Homelessness researchers get real-time data from cell phone surveys

Homelessness researchers get real-time data from cell phone surveys

Homelessness researchers get real-time data from cell phone surveys

A homeless encampment in Los Angeles. Credit: Shutterstock

Few LA City Hall laws spark as much debate as those dealing with homelessness. Look no further than the city’s controversial ordinance banning camping in certain public places, which became a hot topic ahead of the mayoral election. Yet in many policy discussions, the perspectives of those most affected are missing: homeless people.

A team of researchers from USC and UCLA is trying to solve this problem. They are conducting an ongoing new survey of LA’s homeless population, sending questions directly to cell phones belonging to homeless people. The goal is to fill an information gap about the well-being, needs or desires of the homeless community. This information could better inform policy decisions in the future, researchers say.

The initial results, released last month by USC Sol Price School of Public Policy’s Homelessness Policy Research Institute (HPRI), not only shed light on the health and housing preferences of Los Angeles’ homeless population, but also served as a proof of concept. Offering $10 e-gift cards, the researchers collected data from hundreds of people who received questionnaires via text or email.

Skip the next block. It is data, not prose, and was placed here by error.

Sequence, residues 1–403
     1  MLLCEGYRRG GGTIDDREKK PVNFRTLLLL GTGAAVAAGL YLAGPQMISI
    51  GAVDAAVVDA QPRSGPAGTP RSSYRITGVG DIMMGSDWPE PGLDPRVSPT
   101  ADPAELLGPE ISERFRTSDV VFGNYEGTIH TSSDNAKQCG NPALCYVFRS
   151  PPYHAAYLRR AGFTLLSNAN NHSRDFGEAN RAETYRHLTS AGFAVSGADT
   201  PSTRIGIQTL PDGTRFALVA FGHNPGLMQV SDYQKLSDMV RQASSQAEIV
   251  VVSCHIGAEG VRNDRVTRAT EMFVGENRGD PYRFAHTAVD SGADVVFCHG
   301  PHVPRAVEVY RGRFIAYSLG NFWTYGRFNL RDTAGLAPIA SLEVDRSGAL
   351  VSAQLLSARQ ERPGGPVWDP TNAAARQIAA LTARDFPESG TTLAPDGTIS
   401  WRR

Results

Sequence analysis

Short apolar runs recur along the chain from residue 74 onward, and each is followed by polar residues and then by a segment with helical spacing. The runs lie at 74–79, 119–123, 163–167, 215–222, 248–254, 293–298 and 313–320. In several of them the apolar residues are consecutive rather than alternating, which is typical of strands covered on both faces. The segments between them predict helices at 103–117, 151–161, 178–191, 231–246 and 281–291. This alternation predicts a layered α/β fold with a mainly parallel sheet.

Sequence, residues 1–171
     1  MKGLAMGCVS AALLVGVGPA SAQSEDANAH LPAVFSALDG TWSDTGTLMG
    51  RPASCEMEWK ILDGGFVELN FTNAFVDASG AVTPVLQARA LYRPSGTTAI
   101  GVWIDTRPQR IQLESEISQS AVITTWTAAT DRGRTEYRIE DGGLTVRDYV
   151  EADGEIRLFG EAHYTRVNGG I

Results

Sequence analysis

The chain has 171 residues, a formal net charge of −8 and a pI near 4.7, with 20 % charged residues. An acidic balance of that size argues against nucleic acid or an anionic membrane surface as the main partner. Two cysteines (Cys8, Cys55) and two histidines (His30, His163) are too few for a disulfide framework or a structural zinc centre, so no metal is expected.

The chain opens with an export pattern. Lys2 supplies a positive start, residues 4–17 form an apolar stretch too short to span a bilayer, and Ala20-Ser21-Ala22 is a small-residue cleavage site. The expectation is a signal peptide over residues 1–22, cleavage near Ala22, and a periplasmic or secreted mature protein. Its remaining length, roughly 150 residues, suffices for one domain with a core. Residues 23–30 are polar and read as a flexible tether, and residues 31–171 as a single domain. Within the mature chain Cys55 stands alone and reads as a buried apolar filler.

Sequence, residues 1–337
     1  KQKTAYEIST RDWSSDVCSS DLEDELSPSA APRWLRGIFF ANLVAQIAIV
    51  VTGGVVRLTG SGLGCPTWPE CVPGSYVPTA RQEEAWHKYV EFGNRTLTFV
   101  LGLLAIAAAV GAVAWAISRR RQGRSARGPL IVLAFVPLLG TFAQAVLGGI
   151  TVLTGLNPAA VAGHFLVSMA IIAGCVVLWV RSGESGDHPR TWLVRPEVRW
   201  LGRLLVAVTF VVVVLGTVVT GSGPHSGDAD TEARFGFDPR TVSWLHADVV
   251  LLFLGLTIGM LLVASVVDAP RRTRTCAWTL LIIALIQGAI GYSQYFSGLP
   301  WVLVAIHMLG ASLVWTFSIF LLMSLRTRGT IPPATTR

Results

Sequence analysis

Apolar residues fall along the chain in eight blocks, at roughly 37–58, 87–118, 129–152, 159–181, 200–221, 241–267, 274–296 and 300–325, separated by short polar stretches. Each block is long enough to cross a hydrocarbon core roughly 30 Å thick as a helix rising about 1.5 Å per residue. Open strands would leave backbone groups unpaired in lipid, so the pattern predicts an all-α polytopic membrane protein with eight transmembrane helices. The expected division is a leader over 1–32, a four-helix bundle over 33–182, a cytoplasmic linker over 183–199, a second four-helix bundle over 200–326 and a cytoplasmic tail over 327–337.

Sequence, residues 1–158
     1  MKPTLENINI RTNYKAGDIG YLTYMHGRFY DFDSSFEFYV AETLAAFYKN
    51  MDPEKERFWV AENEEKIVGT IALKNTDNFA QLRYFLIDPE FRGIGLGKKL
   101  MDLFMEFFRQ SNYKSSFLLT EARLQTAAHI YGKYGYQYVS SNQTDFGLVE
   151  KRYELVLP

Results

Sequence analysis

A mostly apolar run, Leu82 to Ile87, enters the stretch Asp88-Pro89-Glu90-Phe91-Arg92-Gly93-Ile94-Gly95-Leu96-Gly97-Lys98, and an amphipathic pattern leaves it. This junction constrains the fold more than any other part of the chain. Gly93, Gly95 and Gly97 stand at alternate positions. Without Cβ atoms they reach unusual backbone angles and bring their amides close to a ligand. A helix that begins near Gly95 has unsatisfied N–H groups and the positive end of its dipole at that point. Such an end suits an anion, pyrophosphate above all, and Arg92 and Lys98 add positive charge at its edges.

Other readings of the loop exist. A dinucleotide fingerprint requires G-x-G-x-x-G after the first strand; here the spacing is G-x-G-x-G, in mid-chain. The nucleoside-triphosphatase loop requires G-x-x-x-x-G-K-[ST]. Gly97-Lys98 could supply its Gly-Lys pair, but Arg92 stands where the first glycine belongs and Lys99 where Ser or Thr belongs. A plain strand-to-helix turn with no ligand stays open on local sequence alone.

“Researchers were able to provide new information that simply hadn’t been provided, but also help us learn that it’s possible to collect data in a less expensive way than trying to go out on the street and to interview people,” said Gary Painter, director of HPRI and professor at USC Price School.

One of the study’s key early findings — co-authored by USC Suzanne Dworak-Peck School professor Benjamin Henwood — is the poorer health of homeless people. Compared to the general population, survey respondents reported five times the level of food insecurity, three times the rate of poor general health, and twice the rate of anxiety and depression.

The survey also revealed striking disparities between housed and unhoused people, who were more likely to report poorer health indicators. Study co-author Randall Kuhn, a professor at the UCLA Fielding School of Public Health, recently published a review article emphasizing the need for further research into the health of unprotected people. In the future, the researchers plan to explore whether additional months of homelessness lead to further deterioration in health.

“We know there is early mortality in this general homeless population, but there hasn’t been attention paid to the health of the homeless population,” Henwood said. “Especially on the West Coast, given the large proportion of people who regularly experience homelessness, there isn’t a lot of research.”

The findings challenge the myth that people choose to be homeless. Almost all respondents (90%) were interested in some sort of permanent or temporary accommodation. What they are not interested in are collective shelters. Only 2% said they would consider these rally settings.